Friday, March 20, 2015

Number 1711: “But he hasn’t anything on!”

Walt Kelly’s beautifully drawn adaptation of Hans Christian Andersen’s original 1837 story is fairly faithful to the original. The Kelly touches and comic exaggeration are all over it, though. Andersen’s story works on several levels, but is also political satire. Andersen, according to some sources, was either bribed or bought off with a royal gift of jewelry so he would quit writing such satiric fare. It worked. It was a lot easier on Andersen than some governments’ responses to satire, including banishment, or imprisonment, or even death.

From Dell’s Fairy Tale Parade #2 (1942):

After leaving Disney, Walt Kelly went on to his comics career, doing much work for Dell in the 1940s, including early versions of Pogo. Pogo became a newspaper feature in the late forties, even while Kelly was still working on the comic books. My understanding is he had a falling out with Dell in the early fifties over his objection to reprints of early Pogo strips in the Dell giant, Pogo Parade. (Despite Kelly’s problem with it, from a fan’s perspective one of the best squareback Dell giants ever published).

Kelly occasionally had things to say about comic books. These short sequences from the Pogo newspaper strip take aim at comic books of the day, under heavy criticism for content. That would not be Dell Comics, though, a publisher that mainly kept itself out of the censors’ line of fire.

Scanned from The Incompleat Pogo, published by Simon and Schuster in 1954. My thanks to friend Dave Miller for providing me with a gift of this and other early Pogo books.


J_D_La_Rue_67 said...

Kelly was always great although I think he acquired full maturity in "Pogo", so off with the art and on with some sad comments on the story.

1): "The author, according to some sources, was either bribed or bought off with a royal gift of jewelry so he would quit writing such fare. It worked".
Yep, it works. Take one country and start bribing intellectuals and satirical authors while, and at the same time, you gain not only political power but also total control of press and TV networks, and you'll have virtual disappearance of any form of satire in, say, 15 years. Long path maybe, but you won't need truncheons or black shirts.

2): Take your people and, in these 15-20 years of tv-press propaganda brainstorming, change radically their scale of moral values, putting on top the "I make my own rules and find a way to f..k the law, then in due time I myself re-write the law" gig.

3): Provide people with information that you're doing the exact opposite of what you're doing, i.e. call "Stop Corruption" a bill that actually gives plenty of legal loopholes for corruptors, or "Job's Act" (in english, please) a bill that erases every job security.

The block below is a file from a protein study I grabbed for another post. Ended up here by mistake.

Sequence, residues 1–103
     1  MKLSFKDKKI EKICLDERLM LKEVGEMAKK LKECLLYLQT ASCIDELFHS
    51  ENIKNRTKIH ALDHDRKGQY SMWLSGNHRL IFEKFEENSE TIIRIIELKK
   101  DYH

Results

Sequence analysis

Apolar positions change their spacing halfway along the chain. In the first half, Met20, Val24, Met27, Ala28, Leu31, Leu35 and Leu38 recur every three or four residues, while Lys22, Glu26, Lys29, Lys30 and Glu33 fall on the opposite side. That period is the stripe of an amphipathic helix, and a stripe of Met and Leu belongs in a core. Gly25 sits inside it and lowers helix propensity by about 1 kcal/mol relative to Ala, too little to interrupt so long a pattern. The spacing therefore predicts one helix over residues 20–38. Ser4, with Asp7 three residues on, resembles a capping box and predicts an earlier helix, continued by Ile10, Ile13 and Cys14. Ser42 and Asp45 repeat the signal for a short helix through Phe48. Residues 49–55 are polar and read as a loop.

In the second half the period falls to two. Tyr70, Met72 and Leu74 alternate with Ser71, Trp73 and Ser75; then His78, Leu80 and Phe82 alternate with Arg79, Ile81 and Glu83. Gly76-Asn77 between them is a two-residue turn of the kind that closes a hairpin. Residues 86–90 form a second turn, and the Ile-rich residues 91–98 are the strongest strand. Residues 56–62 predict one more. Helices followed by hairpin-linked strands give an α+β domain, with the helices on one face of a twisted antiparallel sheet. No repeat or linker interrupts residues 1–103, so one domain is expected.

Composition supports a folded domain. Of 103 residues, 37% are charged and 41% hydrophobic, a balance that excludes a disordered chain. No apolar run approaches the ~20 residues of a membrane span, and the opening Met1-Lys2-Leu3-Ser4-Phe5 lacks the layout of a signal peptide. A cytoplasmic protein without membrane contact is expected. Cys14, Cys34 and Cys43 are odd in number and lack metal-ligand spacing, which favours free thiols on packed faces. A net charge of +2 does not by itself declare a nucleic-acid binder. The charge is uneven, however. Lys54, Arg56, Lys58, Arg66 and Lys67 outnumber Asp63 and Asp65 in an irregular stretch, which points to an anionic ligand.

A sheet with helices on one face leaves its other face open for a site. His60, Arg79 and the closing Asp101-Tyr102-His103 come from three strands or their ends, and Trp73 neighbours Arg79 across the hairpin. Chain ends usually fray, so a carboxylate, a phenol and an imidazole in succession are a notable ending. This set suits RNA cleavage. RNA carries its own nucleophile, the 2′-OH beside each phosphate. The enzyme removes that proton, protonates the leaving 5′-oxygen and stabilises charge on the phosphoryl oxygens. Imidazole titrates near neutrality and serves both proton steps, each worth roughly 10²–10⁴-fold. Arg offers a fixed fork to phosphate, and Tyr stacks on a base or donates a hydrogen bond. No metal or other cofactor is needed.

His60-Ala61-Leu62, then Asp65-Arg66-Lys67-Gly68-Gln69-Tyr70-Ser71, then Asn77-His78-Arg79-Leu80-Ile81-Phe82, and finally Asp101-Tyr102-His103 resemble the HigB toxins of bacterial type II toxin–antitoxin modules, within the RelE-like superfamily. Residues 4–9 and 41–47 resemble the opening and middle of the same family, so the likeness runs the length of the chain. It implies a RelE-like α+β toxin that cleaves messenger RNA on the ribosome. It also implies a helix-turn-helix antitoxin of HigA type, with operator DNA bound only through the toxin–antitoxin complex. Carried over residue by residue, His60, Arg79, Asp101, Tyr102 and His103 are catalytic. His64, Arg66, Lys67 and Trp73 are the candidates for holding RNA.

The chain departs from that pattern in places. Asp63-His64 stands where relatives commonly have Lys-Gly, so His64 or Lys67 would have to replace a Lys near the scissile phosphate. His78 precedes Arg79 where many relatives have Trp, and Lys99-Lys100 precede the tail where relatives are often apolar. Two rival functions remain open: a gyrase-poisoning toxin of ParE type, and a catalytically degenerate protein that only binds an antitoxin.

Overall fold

Not only you'll get a nation who won't say "But.. he hasn't anything on!), you'll have a nation that will always keep on BUYING the non existant clothes you offer. Now guess what country I'm talking about.
Sorry, but I had to get this off my chest. Won't repeat this kind of comments.
Thanks for your patience.

Ryan Anthony said...

Damn, that's beautiful art. Panel One of Page Two almost looks 3D because of the contrast between the color and black-&-white (or is that violet?). And the satire is almost all Kelly: As I recall the original (which I've not read in years), the "tailor" was trying to teach the emperor a lesson, not swindle him, and the people were never fooled by the "clothes." But I like this version. Good stuff.
Regarding the anti-comic book screed: many of the old comic strip people seemed to be against the magazine format, but Kelly did both, so why was he so violent about it? He did stuff like 'Our Gang' and the above 'Fairy Tale Parade' in the comic books. Sounds like some personal sour grapes to me.

Pappy said...

Ryan, as I understand it, Kelly's problem with reprinting the old Pogo stories is that the images conflicted with the current newspaper Pogo. Maybe he wasn't getting paid for the reprints (likely, based on publishing practices of the day), and maybe he felt he was being exploited by Dell. Just conjecture, though.

Pappy said...

J D, I assume you are speaking of your own country, but I believe every government is corrupt in its own way. Those who make the laws can figure out ways to make them pay off for themselves.

No one likes to be the object of satire or derision, but when elected it comes with the territory.

With the explosion of new technologies, many of the corrupt activities by individuals are being exposed by being recorded. I have asked, to my wife and my friends, why public officials or police continue to expose themselves to criticism by doing stupid things in front of cell phone cameras. Perhaps the answer is that old habits of greed and stupidity are hard to break.